Blooming today in the garden: feverfew, chamomile, foxglove, yarrow, and clary sage. Each of these was historically once used as medicine.
Feverfew (Chrysanthemum parthenium), as indicated by its name, was used to reduce fevers. Chamomile is still used in a relaxing tea. The chamomile in our herb garden is the Roman (Chamaemelum nobile) variety. Foxglove (Digitalis purpurea) was used to improve the force of heart contractions and is the origin of our modern medicine digitalis. Clary sage (Salvia sclarea) was once used as an eyewash. The decoction of seeds is mucilaginous. It was thought any foreign matter would adhere to it and thus be washed from the eye. Yarrow (Achillea millefolium) was used on wounds and does contain an alkaloid that makes blood clot faster. Yarrow also contains azulene, a volatile oil, that has been shown to have anti-inflammatory properties. It is named after Achilles whose mother dipped her infant son in a solution of yarrow to protect him in battle. Unfortunately, she held him by his ankle, and he was shot with an arrow in his vulnerable spot his Achilles heel.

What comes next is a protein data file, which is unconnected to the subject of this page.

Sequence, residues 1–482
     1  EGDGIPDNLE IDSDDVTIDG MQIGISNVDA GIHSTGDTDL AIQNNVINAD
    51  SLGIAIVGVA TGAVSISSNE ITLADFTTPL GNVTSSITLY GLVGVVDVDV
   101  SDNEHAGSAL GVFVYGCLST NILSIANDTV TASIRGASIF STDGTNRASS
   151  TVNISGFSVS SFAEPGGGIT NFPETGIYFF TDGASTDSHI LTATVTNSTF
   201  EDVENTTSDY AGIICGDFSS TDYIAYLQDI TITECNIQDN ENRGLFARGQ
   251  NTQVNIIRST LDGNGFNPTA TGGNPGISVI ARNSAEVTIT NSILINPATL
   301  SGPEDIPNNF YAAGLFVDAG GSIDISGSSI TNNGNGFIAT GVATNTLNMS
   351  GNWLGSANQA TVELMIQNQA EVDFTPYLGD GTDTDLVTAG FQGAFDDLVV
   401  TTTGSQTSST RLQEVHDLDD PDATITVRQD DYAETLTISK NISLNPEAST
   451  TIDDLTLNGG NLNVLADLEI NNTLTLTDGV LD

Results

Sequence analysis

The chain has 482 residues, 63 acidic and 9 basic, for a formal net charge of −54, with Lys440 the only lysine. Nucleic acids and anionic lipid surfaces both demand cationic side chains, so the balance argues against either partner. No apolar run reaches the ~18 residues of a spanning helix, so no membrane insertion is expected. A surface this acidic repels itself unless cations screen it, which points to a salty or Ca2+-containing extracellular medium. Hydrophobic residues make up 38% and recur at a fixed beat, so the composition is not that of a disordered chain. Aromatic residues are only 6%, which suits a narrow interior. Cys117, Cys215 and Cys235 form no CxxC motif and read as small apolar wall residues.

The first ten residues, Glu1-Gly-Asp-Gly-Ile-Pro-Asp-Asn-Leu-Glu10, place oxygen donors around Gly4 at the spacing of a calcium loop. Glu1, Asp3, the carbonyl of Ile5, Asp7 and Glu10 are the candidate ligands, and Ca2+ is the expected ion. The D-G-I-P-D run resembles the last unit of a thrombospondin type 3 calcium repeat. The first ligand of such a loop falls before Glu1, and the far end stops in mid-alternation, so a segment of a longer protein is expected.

Its interesting to note that the World Health Organization recently estimated that 80% of people worldwide still rely on herbal medicines for some part of their primary health care. Almost one-fourth of pharmaceutical drugs are derived from botanicals. The plants in the herb garden at Woldumar are for educational purposes only and historical information concerning their use is for entertainment only. They should never be used as medicine.